Thematic research: EXOBIOLOGY

Experiments and Bioanalyses : emergence of life

The challenge

Build experimental tools to understand the transition from non-living to living.


From the interstellar medium to the oceans of the primitive Earth on which life emerged, a succession of stages brought into play very different environments where molecular complexity could be generated and evolved, starting from simple and abundant compounds such as H2O, CH3OH, CO, NH3, H2CO on the surface of icy grains of the original dense molecular cloud, to the emergence of self-replicating biochemical structures signalling the appearance of life on our planet Earth. Understanding the continuity between the different stages requires new experimental simulation and analysis tools, which are at the heart of the developments in this area.

The chemistry of life’s origins in the 21st century

  • Simulate the chemical evolution of the interstellar medium at the Earth’s surface and in the hydrothermal springs at the bottom of its oceans.
  • Develop new analytical methodologies to efficiently screen the molecular diversity of a given environment to identify specific chemical systems.
  • Develop the tools needed to understand the first parameters enabling matter to self-organize.

The scientific framework: from the interstellar medium to the primitive Earth : from the molecular diversity of abiotic chemistry to the organization of the first biochemical systems.

Understanding the origin of life on our planet is essential to guide our strategy in the search for life elsewhere. This requires solid interdisciplinary synergy, from physics to biology, chemistry and geology. They mutually enrich each other to study the hypotheses linked to the conditions of emergence of life on Earth and the possibility of obtaining the same evolution beyond.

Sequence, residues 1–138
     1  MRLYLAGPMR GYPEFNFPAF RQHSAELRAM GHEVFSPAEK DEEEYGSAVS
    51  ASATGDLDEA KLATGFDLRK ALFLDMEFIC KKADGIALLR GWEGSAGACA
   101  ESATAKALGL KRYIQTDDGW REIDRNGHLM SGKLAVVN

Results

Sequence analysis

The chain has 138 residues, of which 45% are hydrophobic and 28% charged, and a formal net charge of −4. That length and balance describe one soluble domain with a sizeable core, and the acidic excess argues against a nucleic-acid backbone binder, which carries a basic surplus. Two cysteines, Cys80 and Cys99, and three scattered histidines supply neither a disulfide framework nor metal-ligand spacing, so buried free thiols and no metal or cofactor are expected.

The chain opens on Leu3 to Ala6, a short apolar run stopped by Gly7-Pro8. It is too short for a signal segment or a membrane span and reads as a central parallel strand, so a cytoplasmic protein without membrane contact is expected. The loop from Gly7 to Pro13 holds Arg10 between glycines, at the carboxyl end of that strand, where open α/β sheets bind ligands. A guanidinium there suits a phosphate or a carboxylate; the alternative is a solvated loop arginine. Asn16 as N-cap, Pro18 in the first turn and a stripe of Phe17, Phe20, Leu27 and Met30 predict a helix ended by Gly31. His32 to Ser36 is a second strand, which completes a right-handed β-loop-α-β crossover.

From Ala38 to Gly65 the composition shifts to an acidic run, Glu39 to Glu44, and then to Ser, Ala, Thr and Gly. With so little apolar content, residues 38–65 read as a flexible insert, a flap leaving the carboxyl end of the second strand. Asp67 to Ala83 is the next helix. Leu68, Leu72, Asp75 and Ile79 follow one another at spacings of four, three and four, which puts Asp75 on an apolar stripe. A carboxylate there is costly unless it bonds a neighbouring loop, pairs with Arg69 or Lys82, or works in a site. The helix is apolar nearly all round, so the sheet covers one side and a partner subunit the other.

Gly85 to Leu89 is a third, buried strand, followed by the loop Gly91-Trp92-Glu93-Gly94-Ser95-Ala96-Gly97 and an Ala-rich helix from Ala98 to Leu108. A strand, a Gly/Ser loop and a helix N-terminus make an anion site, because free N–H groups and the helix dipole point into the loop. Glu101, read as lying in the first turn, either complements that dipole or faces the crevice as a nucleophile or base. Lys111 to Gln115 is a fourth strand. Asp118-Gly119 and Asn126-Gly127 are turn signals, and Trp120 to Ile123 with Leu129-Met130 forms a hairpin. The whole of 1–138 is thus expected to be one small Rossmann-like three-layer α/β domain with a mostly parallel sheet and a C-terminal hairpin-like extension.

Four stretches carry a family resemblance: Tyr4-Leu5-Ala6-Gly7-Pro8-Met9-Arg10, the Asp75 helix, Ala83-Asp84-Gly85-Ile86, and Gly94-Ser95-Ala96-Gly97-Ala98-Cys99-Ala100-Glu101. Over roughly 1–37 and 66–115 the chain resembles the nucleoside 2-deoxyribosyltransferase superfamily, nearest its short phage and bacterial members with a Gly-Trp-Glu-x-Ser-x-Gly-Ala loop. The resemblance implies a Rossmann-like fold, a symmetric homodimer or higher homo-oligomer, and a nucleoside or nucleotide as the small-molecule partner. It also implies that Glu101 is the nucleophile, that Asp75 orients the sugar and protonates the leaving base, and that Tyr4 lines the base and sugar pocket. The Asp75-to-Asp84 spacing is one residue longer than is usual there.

Life is the result of a complex chemical evolution that interacts strongly with an ever-changing planetary environment. The level of contingency is therefore extraordinarily high and may seem inaccessible. However, after decades of stagnation, studies of prebiotic chemistry are now very active worldwide, and offer promising prospects. It is not necessarily a question of reconstructing life as we know it on Earth in the laboratory, which is highly dependent on the history of its appearance and evolution on our planet, but of developing autocatalytic chemical systems that are stable over time through evolutionary processes. This new approach is based on a coherent description of the entire self-organization process, from the development of autocatalysis to (Darwinian) biological evolution, with no fundamental discontinuity. The origin of life is now considered in terms of processes rather than molecules, which means that the formation of biopolymers (i.e. peptides and nucleic acids) should not be studied as a two-stage process (monomer formation then polymerization) but rather as a global system.

Over the last ten years, studies into the chemistry involved in the origin of life have progressed at a rapid pace. The next decade looks set to be crucial for linking interdisciplinary approaches in this field. PEPR Origins will help develop new concepts and experiments to understand the sequence of reactions, from the formation of organic matter (including that brought to the early Earth from extraterrestrial sources), to its self-assembly, under early Earth environmental conditions, to form the first autocatalytic systems. In the laboratory, we will simulate the various stages in the evolution of organic matter from interstellar environments. The formation of molecules such as amino acids, nucleobases and sugars, the pathways to biopolymer formation, and the origin of asymmetry in chiral compounds will all be studied and understood through this laboratory work.

This project requires the development of new chemical reactors reproducing the conditions of the interstellar medium, the protoplanetary disk or primitive planetary environments, as well as the implementation of new analytical methods to identify self-organizing systems with similarities to processes such as those in biochemical systems and their traces. Microfluidic techniques are particularly well suited to studies at the microscopic scale, to provide information on the selection that takes place in particular chemical systems. Pattern recognition machine learning algorithms will be developed to identify autocatalytic and self-replicating systems produced in laboratory experiments.

The projects concerned

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